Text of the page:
Tuesday, May 15, 2007

Tuesday word, 15 May 2007

6Easter Tuesday (15 May 2007) Ac 16. 22-34; Ps 138; Jn 16. 5-11
Homily of Fr. Paul Panaretos, S.J.
A Key Difference

Jesus had warned his disciples that they would be persecuted for continuing his work. For us, who can freely worship God, that is hard to appreciate. Paul and Silas were attacked, stripped, beaten and imprisoned, at the outset of Paul’s first preaching campaign in Europe.

God rewarded their faithful efforts not only by freeing them. God worked through Paul’s resourcefulness: Paul used the moment of crisis for the jailer and preached the gospel to him and his household, which responded and came to faith in God.

That calls us to remember two important things about the world. First God created the world and saw that it was good and that humans were very good. Second, a power envied this goodness. The tempter, the enemy of our human nature, as St. Ignatius was fond to name the tempter, made the world the theatre of the tempter’s operations.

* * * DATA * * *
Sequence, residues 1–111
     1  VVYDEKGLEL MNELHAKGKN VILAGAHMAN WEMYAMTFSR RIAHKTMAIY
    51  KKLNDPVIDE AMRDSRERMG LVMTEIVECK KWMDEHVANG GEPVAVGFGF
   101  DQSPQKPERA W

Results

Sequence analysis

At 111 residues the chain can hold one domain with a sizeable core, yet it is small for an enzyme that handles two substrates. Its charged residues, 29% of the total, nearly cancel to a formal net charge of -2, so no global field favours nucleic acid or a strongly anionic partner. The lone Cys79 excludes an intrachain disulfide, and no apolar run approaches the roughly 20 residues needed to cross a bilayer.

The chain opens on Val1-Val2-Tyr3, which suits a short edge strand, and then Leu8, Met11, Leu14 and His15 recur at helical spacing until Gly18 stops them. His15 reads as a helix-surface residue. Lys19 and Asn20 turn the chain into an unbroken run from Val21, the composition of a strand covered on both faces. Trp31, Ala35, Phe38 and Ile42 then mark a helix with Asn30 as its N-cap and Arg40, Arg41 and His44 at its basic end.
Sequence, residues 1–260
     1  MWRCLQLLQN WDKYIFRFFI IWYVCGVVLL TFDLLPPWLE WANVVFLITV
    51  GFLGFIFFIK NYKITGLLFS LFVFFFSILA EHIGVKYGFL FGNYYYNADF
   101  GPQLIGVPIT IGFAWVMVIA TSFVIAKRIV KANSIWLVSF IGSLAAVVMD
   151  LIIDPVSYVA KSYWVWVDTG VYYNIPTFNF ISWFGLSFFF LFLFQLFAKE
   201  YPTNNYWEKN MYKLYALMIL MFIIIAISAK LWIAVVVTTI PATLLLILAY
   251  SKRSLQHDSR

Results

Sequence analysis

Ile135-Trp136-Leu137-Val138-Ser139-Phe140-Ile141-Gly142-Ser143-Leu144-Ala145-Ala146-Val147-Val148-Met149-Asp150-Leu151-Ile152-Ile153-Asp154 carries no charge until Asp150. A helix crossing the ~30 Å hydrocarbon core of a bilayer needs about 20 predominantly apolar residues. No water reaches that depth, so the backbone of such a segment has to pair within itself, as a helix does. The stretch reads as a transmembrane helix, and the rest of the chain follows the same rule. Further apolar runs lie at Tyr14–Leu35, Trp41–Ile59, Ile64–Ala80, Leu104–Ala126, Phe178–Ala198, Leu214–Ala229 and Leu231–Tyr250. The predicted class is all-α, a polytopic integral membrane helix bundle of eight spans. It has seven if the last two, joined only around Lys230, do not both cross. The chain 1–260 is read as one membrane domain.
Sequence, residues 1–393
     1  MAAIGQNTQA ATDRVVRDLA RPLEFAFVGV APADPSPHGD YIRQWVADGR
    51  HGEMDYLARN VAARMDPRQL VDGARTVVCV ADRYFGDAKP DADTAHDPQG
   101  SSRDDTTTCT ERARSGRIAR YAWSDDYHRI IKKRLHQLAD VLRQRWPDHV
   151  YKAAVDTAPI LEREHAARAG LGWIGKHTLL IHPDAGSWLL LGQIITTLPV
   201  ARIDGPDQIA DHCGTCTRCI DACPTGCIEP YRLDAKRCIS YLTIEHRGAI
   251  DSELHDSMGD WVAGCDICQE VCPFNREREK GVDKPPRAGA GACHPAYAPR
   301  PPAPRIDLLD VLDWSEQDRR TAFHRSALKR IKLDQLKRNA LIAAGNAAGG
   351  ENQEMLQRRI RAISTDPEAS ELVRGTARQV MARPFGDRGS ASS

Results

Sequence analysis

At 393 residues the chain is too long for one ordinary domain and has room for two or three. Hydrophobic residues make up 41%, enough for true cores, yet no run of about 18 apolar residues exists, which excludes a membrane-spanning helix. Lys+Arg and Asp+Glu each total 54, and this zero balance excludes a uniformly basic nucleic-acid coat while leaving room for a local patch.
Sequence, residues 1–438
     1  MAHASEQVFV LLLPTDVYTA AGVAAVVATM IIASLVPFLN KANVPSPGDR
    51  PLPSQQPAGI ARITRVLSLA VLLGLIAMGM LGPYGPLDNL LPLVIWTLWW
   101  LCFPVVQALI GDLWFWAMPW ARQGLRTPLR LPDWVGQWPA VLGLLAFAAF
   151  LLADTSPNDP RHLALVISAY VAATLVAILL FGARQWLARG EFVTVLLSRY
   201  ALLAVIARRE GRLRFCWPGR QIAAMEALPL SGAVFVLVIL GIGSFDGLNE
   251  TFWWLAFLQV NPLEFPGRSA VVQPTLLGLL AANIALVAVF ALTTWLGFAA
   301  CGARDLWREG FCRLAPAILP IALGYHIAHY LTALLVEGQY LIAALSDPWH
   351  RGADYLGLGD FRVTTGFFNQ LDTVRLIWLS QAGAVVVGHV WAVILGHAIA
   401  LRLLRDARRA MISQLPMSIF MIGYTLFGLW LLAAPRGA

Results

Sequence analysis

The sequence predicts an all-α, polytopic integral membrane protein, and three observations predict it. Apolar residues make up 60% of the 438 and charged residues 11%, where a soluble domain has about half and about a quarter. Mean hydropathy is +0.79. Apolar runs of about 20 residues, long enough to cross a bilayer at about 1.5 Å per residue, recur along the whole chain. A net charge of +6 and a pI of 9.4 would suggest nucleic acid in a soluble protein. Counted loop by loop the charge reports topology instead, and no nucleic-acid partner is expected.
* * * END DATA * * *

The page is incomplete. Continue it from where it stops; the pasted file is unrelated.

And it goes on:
The enemy of our human nature was Jesus’ principle enemy--not the world. Jesus named his archenemy the ruler of this world, as the Fourth Gospel reminded us.

Because we continue Jesus’ work, because we strive to follow Jesus, the ruler of this world, the enemy of our human nature, is also our archenemy and that of all disciples.

The way the struggle plays differs according to time, place, and even human being. The language of the Fourth Gospel about the world is ironic: as the theatre of operations of the enemy of our human nature, the world is a risky place for believers. It is risky because of Jesus’ archenemy. The world is not evil.

Remembering that difference makes clearer our way in faith. It also helps others to come to faith in God in ways that befit both God’s goodness and our own.

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